"In a year, she has gone from being mobile to depending on a wheelchair, a hoist and a sling," says Neil.

Yet, unbelievably, Eimear doesn't appear to feel sorry for herself, and remains committed to optimising the strengths that she does have, including her ability to think clearly and to love those closest to her.

Currently, she is using a Nippy machine for non-invasive ventilation (NIV) at night. This helps her lungs pump oxygen, through a mask.

However, a time will come when Eimear's lungs will fail completely, and the only solution to this would be invasive ventilation.

This, according to Neil, would require a pipe to be inserted into her throat so that oxygen can be delivered round the clock to her lungs. This pipe will be connected to a machine very similar to the Nippy they currently use. However, the Rowes say they have been told that the HSE will not sanction invasive ventilation for Eimear, as they estimate that her care will cost in the region of €300,000 a year.

The fact remains that, while most people with MND would not choose to go this route, the Rowes are certain that invasive ventilation is the right thing for them. They make the point that Eimear is still comparatively young, and, like most loving, newly married couples – they wed last November – they want to enjoy each other's company for as long as possible.

"When her lungs fail, she will still have a fully functioning mind, and she will be able to 'talk' with the help of an Eyegaze communication system," says Neil.

A video camera next to a monitor will track Eimear's eye movements so, when she focuses on specific responses, these will then be conveyed in her own voice – she has been "banking" her speech for use in this programme.

So the couple are baffled by the HSE's response.

"I can accept my diagnosis," says Eimear. "But I'm not happy to accept that there is a treatment that will prolong my life, and yet I can't have it.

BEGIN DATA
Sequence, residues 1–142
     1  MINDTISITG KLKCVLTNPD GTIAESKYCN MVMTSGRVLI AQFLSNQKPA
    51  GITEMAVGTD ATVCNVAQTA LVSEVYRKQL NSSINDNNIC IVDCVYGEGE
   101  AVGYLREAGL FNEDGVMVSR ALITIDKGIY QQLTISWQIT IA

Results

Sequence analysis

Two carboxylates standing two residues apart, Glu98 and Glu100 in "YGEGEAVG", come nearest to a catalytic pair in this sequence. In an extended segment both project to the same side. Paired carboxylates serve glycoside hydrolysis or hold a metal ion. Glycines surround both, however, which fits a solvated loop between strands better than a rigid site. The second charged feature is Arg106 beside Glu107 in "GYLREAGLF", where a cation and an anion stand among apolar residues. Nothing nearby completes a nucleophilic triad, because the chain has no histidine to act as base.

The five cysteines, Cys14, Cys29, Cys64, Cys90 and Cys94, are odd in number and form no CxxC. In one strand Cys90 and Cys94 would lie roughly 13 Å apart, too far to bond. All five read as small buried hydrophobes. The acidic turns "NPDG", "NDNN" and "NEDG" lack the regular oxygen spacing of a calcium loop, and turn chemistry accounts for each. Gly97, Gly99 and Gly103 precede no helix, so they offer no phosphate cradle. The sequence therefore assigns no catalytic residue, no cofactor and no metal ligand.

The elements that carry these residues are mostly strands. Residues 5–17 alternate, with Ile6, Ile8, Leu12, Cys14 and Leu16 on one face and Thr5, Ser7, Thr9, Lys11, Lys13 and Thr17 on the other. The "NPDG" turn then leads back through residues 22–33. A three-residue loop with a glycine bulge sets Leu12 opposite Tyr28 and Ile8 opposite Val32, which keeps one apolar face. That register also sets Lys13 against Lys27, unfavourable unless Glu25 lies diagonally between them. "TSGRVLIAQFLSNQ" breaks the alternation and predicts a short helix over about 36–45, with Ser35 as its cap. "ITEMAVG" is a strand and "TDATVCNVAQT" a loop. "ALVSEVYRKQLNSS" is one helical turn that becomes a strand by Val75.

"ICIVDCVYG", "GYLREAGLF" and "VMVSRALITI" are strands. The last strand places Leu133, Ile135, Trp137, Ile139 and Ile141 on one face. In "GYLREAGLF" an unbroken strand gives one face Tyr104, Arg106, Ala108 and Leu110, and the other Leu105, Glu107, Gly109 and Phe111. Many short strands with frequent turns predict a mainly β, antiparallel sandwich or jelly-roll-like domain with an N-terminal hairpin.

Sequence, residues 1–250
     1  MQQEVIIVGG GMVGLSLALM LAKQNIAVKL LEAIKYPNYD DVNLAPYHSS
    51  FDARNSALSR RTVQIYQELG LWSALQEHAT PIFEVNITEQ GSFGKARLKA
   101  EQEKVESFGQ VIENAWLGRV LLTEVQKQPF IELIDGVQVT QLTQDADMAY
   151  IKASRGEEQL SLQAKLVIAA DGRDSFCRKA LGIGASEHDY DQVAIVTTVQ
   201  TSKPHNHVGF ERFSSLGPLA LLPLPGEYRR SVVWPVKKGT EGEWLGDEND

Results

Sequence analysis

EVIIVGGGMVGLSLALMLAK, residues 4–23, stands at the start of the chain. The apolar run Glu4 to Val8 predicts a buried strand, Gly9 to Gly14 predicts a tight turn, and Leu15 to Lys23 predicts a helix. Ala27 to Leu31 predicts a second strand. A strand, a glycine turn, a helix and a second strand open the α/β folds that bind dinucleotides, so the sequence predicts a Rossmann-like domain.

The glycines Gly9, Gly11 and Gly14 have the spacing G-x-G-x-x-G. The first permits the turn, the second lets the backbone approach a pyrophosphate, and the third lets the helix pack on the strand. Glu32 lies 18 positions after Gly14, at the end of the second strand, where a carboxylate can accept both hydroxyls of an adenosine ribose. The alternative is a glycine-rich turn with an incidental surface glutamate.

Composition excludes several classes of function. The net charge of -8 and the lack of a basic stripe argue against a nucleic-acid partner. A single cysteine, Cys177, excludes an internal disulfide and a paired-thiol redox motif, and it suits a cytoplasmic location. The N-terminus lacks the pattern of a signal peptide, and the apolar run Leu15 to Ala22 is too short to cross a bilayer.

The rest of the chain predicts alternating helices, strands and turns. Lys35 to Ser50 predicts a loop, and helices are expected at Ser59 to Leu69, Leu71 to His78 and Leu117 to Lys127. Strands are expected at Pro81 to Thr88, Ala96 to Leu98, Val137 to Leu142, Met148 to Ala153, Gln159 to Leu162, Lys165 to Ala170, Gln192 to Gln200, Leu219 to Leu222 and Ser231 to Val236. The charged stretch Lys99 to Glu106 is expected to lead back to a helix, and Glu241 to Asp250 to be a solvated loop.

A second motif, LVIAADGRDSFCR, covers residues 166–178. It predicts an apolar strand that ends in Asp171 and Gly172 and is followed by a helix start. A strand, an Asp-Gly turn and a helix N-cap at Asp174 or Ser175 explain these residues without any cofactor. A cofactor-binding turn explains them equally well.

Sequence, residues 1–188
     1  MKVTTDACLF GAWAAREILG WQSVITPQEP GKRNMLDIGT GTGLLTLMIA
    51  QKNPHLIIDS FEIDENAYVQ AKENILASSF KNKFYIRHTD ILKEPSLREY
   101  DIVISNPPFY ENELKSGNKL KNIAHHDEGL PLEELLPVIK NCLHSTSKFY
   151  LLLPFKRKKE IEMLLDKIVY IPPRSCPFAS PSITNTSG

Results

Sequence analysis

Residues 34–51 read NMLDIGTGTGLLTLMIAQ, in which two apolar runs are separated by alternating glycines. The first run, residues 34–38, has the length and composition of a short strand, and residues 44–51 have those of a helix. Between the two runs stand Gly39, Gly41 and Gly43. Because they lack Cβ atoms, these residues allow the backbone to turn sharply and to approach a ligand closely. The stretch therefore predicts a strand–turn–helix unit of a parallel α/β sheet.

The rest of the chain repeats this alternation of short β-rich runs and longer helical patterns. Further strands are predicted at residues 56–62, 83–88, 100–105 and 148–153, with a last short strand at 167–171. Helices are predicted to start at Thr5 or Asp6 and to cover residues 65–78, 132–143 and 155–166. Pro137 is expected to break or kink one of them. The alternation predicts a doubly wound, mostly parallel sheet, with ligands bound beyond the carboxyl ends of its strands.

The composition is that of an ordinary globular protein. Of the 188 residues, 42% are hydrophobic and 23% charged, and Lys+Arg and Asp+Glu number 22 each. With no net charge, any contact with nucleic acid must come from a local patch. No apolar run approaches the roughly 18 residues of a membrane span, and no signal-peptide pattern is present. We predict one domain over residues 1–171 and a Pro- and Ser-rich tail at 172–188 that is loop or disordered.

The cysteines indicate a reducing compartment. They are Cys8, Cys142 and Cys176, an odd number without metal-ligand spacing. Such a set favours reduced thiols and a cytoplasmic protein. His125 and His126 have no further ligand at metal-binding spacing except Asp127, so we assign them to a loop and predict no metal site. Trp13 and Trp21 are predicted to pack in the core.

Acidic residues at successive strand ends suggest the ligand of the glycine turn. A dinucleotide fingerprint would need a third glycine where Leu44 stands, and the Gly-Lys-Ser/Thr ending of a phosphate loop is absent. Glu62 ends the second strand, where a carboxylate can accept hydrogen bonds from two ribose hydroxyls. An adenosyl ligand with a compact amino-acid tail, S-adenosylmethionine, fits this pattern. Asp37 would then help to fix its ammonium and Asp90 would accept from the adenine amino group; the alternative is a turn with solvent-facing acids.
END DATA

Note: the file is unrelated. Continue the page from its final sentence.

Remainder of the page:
"We had a question put in the Oireachtas about my case recently by Independent TD for Wexford, Mick Wallace."

Official records show that Labour TD Alex White responded, saying, "The HSE will discuss the issues directly with the individual concerned, and her family, but, in these circumstances, it would be wrong to draw the conclusion that this is in any way reducible simply to the question of cost, because there are clinical considerations as well."

"Who, specifically, at the HSE will talk to us?" asks Eimear. "I need a name and number, but keep being fobbed off."

Meanwhile, Neil questions the validity of the figure set by the HSE for Eimear's care, especially given the fact that he is already caring for her around the clock, while she has a large, extended family who would be supportive.

"We've been told she needs a nurse 24/7. But, if a machine breaks down, a nurse can't fix it. And I can be trained to do most of any additional tasks in looking after Eimear," Neil says.

The final word must, of course, go to Eimear, who talks with a quiet determination, and who has a great sense of humour in spite of her unspeakable situation. "Assisted suicide is against the law in Ireland," she says. "I want to live, but I am being told I can't. Where, then, is my 'right to life'?"

Read Eimear's inspiring blog at

Irish Motor Neurone Disease Association, Coleraine House, Coleraine St, D7, freefone: (1800) 403-403, or see